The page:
In the spirit of ‘saying their names,’ the names of the enslaved “property” in Eliza Lucas Pinckney’s estate are listed below. Black people were enumerated in testamentary documents along with furniture, horses and mules, jewelry and land, making clear their status as chattel.
[The names listed in bold on the list are names I’ve used in my novel (in its second edit now)].
It’s also worth noting that at the time of her marriage to Charles Pinckney (May 27, 1744), Eliza’s father included about two dozen enslaved people as part of her dowry. The record tells us that Quashee (aka John Williams) was a matter of dispute between Eliza’s father and her fiance. Both men wanted him and for good reason — he was literate and an extraordinarily skilled carpenter. Eliza’s husband-to-be won out and Quashee went on to oversee and help build the newlywed couple’s new home on East Bay.
Also note: it’s a mistake to think that slaves named after days of the week were so-named out of a heartless, objectifying inattention on the part of auctioneers and owners, much like some names were based on slave trading ships (see recent post about Phillis Wheatley). In some African cultures it was common. For instance, Cudjoe (variants: Cuffy, Joe) means Monday; Quashee, Sunday.
This short piece was written to a prompt in an AWA class.
I have come, unwilling, afraid. A sticky heat. An unmooring. A destruction. A pale lady pats my cheek, making bird sounds. “Ooh! Ooh!” She turns to a man, the colors of his jacket, a glaring affront after the dark hold, the grey sea.
“Susanna, no! Be reasonable, my dear.” He clomps along the dock, pats another on the head. “Like her. What about her?”
But Pale Lady kneels. Now my chin is in her hands. I clutch the carpet scrap around my shoulders. It is filthy. Whether she chooses me for good or for ill, is impossible to know.
+ + +
The man with the bag of coins approaches. He knows a buyer when he sees one. “She’s yours for a trifle,” he announces and husband hands over a few bob. It’s likely he, the seller, thought the girl about to die. Any money was better than none. And then Susanna Wheatley, her husband, and the newly purchased girl clambered aboard a carriage to take them the few blocks from the wharf to Boston manse.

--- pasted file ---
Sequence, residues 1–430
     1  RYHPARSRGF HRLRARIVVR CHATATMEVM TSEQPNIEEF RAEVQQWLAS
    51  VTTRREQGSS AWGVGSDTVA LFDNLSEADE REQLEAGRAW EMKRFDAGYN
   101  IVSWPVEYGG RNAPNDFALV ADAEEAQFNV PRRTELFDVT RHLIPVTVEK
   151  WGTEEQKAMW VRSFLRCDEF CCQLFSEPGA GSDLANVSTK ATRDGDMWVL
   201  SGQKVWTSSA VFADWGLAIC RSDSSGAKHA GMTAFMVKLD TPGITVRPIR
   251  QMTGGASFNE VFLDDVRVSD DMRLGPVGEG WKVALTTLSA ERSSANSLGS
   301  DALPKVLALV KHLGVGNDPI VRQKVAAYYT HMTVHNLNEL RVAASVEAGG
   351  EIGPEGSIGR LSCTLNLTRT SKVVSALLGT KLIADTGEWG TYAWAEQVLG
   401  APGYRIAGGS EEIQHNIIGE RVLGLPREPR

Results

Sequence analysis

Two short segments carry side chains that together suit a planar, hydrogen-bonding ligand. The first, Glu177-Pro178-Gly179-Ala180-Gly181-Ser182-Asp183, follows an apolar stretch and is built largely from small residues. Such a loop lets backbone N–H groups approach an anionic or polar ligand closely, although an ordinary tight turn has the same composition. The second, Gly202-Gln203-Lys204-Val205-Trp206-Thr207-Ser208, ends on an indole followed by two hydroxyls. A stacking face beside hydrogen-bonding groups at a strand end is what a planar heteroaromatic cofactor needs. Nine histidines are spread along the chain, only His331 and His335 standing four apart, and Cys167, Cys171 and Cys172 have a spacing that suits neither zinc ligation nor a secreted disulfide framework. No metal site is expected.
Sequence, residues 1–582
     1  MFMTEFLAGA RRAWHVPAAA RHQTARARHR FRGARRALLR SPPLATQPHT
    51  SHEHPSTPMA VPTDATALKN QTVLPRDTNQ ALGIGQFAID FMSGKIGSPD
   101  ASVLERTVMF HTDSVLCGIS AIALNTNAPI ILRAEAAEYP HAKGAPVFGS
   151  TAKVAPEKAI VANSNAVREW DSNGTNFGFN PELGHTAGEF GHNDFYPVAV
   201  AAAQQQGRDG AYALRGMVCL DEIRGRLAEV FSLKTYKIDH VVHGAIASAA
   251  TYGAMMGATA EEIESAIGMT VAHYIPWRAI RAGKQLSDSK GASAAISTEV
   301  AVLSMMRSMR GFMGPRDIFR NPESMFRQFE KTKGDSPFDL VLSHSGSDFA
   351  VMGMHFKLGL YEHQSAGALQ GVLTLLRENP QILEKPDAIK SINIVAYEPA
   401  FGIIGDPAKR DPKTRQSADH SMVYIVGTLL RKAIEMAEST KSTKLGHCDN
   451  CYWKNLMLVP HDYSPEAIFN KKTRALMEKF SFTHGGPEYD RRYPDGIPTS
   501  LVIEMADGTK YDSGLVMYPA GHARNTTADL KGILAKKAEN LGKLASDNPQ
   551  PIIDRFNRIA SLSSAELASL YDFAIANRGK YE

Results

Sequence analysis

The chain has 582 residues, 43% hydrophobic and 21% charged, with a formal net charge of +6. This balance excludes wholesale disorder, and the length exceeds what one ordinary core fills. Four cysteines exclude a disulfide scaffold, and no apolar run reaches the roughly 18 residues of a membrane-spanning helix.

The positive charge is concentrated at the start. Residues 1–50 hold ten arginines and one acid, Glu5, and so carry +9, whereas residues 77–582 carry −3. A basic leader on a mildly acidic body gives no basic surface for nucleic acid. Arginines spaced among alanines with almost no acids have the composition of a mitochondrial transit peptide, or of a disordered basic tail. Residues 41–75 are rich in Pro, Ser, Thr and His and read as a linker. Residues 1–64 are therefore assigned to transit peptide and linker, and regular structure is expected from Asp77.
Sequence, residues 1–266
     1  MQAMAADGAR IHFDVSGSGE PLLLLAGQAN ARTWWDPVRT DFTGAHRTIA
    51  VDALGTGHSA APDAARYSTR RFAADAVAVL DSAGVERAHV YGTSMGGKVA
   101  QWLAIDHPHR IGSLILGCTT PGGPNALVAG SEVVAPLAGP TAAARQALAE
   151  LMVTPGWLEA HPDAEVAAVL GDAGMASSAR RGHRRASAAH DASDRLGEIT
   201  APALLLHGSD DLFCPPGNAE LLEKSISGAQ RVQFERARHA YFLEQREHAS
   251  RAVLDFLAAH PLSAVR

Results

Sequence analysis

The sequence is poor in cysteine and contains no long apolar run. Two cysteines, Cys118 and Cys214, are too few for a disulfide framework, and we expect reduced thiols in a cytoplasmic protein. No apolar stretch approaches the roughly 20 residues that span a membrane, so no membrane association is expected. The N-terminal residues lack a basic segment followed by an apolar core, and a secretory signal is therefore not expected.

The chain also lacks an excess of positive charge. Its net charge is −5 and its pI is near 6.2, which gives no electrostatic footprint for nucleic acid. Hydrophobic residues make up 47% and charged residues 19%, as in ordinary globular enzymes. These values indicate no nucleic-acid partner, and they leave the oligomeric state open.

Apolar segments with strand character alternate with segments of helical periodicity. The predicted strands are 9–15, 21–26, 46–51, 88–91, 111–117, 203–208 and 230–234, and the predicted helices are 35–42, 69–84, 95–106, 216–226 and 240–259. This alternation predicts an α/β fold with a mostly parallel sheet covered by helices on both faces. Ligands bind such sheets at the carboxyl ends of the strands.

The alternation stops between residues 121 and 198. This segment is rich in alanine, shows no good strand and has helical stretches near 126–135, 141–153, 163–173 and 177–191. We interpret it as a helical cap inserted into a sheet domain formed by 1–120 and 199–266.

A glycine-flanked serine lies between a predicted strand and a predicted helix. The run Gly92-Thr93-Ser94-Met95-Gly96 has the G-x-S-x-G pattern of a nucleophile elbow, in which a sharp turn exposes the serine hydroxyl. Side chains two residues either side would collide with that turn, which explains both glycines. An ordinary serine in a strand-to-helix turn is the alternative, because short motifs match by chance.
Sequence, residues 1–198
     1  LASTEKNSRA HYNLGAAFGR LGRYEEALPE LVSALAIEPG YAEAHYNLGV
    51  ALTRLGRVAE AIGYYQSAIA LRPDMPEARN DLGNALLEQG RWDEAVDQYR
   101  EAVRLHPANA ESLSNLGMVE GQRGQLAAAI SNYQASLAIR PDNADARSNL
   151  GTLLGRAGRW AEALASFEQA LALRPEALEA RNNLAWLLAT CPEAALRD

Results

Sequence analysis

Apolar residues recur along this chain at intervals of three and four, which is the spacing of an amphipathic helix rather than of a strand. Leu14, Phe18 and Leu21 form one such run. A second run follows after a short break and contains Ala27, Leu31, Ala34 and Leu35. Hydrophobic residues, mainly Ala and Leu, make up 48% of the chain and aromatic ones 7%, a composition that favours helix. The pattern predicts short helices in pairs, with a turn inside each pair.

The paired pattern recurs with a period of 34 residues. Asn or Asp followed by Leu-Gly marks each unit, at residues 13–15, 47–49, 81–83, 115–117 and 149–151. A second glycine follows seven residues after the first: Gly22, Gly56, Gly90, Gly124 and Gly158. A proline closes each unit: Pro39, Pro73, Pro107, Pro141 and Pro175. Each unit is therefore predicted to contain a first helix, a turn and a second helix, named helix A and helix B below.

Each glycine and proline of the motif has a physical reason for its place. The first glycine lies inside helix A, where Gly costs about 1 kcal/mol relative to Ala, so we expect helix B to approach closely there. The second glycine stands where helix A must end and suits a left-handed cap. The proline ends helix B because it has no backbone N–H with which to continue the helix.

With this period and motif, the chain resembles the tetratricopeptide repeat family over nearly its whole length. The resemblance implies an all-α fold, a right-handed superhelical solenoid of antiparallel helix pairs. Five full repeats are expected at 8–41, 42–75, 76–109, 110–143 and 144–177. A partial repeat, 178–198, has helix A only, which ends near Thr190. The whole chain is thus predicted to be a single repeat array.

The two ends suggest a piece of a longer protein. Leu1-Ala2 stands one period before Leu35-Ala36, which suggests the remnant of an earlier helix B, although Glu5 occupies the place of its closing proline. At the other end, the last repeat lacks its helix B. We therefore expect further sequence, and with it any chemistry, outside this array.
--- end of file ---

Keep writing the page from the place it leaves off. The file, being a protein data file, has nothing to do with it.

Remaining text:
The enthusiasm his wife exhibits puzzles John Wheatley until he realizes that the dark-skinned skinny girl looks to be just the age their Sarah was when she died. Seven years old. This girl is missing her front teeth, just as Sarah had been. Their poor, dear Sarah, taken by the pox before even her grown teeth came in. So this vanity purchase — what else to call it? — driven by a grief-soaked nostalgia, would have to be tolerated.
“Mary will teach her Latin,” Susanna gushed on the ride home. Her husband tucked his chin down to dissemble, the enthusiastic plan striking him as pathetic, absurd.
“We shall call her Phillis,” he said. “After the ship.”
A thriving servant. They refused the moniker, ‘slave’ — as if to do so made a difference. She, the slave Phillis, took to words like a duck to water. John Wheatley’s tolerance, a state he expected to be brittle and difficult to maintain, transformed into pride. The little darkie had something of genius about her and how well the white ruffles of her cotton lawn cap framed that Senegambian face! Her teeth grew in. She mastered English and not just Latin, but Greek as well. So proud, so possessive but willing to share were the Wheatleys, that they found a printer on State Street who rolled plates with ink, plates with their Phillis’s words on them and he, the printer, printed them. Poems.
A council was convened. John Hancock, a short man with a bit of bluster (to put it nicely), the Governor, Thomas Hutchinson, Samuel Mather, others — their one purpose to determine the authorship of the folio. Surely, it could not be her? A slave! A collection of precise poems filled with lofty and literary images, language suitable for the illustrious poets of the age.
But, never mind all that for now! After gently, reverently nodding to Toni and Maya in the shadows, let us call forth that skinny black girl with a gift of the tongue — Phillis Wheatley — for she, too, must be on the Capitol steps today, beaming with pride.